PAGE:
jump to navigation

A Simple Conservative Goal: Return to Normal Government (Washington Examiner) May 13, 2020

Posted by daviddavenport in Op/Eds.

After only a few weeks of the COVID-19 crisis, we are all eager to return to normal. There is pent-up demand everywhere for a meal out at a restaurant, fully stocked shelves at the grocery store, an evening with friends, and a regular paycheck. All that will come in due time — we the people will insist on it.

What is not likely to come, at least not without a lot of intentional effort, is returning our government to normal. There is a bad history in our country of government taking on extra powers, increasing regulation, and spending more money in a time of crisis, but never allowing things to return to normal. Instead, the emergency powers and war footing too readily become the new normal for government.

Two periods in our history illustrate the choice. When Warren Harding ran for president in 1920, his slogan following a flu pandemic and World War I was “a return to normalcy.” But it took three conservative presidents most of the decade of the 1920s to bring government to heel after the war. President Calvin Coolidge, especially, inherited a major budget deficit from World War I when he became president in 1923. Amity Shlaes, in her wonderful book Coolidge, describes how he met nearly every week with his budget director to hammer things back to pre-war levels. He vetoed bills and slashed budgets to return government to some sense of normalcy in spending and size.

The contrasting period is Franklin Roosevelt’s presidency during and after the Great Depression and amid World War II. Government size and spending boomed throughout the New Deal and World War II but, unfortunately, were never downsized. A chart of government spending as a percentage of gross domestic product will show peaks during war, but the spike of the Roosevelt administration set the stage for a new normal. Even a Republican president, Dwight Eisenhower, did not pare back New Deal programs, instead building the interstate highway system, expanding Social Security, increasing the minimum wage, and developing a new Department of Health, Education, and Welfare. Eisenhower called it “new Republicanism,” but it was really just a continuation of the New Deal.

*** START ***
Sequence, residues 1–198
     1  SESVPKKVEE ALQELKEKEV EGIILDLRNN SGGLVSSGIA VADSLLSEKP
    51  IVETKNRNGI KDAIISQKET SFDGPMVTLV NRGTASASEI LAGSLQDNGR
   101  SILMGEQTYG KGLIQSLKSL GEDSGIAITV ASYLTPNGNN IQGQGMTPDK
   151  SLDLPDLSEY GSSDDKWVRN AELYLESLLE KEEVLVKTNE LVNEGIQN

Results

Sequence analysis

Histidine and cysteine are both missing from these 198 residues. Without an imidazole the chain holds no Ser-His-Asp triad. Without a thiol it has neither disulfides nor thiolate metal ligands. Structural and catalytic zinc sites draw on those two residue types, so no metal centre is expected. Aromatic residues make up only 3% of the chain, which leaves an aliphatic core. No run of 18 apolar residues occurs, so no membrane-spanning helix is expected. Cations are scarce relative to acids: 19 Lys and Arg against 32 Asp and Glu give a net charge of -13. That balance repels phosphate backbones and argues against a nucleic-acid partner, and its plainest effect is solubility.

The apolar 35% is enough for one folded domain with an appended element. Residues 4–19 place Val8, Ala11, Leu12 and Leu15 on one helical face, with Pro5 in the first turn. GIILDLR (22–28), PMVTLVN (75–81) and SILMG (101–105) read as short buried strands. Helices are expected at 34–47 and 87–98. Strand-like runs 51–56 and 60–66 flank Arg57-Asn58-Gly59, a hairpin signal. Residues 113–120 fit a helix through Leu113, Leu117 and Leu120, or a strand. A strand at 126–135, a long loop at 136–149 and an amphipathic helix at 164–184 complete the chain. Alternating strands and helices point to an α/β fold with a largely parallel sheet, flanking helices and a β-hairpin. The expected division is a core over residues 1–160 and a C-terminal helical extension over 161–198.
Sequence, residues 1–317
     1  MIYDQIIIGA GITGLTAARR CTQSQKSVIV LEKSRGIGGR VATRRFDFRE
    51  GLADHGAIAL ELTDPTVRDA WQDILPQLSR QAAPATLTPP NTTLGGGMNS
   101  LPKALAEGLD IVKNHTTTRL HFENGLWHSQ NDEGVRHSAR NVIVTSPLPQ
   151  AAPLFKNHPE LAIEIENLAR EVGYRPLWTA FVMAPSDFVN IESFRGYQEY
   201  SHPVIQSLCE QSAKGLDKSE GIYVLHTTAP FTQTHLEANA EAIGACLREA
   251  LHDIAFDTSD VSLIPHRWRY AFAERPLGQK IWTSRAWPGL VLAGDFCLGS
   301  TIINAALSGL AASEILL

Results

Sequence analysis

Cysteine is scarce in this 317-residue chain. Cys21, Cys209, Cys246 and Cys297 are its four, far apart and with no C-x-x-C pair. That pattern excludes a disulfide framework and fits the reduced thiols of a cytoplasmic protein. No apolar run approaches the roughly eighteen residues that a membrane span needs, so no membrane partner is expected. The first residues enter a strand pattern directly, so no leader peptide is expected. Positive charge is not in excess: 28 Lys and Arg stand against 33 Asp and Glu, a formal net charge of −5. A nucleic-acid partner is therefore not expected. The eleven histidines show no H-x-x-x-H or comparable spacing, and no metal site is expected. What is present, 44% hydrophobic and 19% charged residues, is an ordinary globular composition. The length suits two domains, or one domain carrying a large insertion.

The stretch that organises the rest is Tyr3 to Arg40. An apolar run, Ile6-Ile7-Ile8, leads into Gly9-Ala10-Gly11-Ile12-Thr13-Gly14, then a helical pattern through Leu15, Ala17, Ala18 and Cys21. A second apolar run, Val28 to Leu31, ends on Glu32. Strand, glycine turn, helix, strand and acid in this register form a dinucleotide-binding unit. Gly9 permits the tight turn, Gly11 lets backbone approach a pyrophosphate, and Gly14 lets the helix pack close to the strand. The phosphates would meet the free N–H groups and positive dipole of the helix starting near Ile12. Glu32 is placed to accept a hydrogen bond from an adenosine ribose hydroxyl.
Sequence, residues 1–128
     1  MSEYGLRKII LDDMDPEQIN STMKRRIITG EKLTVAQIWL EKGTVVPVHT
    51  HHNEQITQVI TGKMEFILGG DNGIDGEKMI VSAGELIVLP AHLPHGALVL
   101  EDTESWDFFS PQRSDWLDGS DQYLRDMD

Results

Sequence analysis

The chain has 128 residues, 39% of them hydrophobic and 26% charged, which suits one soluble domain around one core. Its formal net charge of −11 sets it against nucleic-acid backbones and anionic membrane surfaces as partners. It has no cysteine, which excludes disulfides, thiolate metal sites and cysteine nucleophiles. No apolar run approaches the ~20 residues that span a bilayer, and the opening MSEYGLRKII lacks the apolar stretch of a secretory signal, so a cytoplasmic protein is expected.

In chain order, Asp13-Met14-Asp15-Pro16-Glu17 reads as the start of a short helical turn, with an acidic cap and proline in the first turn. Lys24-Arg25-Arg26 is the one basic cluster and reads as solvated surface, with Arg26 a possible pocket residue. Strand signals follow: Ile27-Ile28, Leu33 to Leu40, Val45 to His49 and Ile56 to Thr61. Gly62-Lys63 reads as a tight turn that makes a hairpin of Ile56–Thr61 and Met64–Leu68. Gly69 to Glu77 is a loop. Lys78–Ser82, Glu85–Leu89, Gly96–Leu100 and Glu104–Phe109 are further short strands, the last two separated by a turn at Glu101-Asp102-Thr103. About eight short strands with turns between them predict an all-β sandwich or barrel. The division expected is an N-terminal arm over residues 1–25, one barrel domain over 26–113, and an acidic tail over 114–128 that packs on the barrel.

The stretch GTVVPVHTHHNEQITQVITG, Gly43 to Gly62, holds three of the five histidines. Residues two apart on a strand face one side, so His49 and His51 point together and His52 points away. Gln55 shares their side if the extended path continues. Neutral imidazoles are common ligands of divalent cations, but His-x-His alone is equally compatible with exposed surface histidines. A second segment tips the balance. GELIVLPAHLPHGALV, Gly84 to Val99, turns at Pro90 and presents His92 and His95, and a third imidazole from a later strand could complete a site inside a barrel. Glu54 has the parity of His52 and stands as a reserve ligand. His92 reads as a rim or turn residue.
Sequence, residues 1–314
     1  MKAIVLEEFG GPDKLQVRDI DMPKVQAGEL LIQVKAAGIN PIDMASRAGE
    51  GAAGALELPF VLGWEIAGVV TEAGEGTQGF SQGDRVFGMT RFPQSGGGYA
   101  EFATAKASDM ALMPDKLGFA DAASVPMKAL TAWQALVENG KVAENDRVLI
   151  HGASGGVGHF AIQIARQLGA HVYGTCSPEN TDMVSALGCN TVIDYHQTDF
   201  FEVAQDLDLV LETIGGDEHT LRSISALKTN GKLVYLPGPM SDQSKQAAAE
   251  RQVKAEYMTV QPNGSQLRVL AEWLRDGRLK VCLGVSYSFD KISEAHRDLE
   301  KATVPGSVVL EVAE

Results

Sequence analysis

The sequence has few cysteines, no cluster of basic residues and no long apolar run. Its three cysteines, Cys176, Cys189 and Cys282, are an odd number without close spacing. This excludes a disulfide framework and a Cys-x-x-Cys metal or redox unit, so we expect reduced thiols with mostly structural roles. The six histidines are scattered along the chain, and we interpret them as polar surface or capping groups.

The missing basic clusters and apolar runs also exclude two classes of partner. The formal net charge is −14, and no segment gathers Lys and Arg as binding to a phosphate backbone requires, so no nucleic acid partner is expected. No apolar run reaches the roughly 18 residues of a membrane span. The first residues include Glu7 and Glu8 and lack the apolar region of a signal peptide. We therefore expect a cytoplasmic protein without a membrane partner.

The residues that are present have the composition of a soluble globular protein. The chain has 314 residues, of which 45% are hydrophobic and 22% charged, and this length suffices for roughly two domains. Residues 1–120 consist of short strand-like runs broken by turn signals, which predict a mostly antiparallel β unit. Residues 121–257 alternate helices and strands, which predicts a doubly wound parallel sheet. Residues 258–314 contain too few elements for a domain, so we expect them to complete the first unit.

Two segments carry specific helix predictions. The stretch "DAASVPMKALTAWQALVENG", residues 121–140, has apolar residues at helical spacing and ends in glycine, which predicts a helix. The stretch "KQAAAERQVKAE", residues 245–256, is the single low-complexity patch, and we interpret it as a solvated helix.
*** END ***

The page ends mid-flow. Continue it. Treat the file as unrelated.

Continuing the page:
Another cautionary tale is the unwillingness of Washington to cancel national emergencies and its expanded government powers. Most people are not aware that we currently live under some 30 states of national emergency, the oldest one declared by President Jimmy Carter 40 years ago. Although national emergencies may come and go, the emergency powers remain. Will President Trump’s executive order about the coronavirus crisis be revoked, as both the president and Congress have the power to do, or will it continue to be a blank check for increased government control over healthcare and spending?

Regrettably, conservatives have been caught up playing small ball during the COVID-19 crisis. They argue over pandemic estimates and death rates, often without any qualifications for doing so; they argue for more or less emergency spending; they advocate for opening businesses sooner rather than later. Challenging how government responds during a global pandemic is not going to make or break the conservative cause.

What will define the future of conservatism, and the country, is just around the corner: Will government return to normalcy? Will this be a Calvin Coolidge moment or another Franklin Roosevelt era? Democrats are already lining up to try to regularize many of the emergency programs: releasing more prisoners, increasing government spending on homelessness and healthcare. This is the real battle between liberals and conservatives and one that will define the field of political and policy play for decades.

A return to normalcy is not just about whether you can dine out again. It is about whether government will use this crisis to grow government regulation, control, and spending to unprecedented heights. This will be conservatism’s most important test of our lifetimes.

To read the column at the Washington Examiner:


David Davenport is a contributor to the Washington Examiner’s Beltway Confidential blog. He is a research fellow at the Hoover Institution and a visiting scholar with the Orrin G. Hatch Foundation. He is the co-author, with Gordon Lloyd, of How Public Policy Became War.

%d bloggers like this: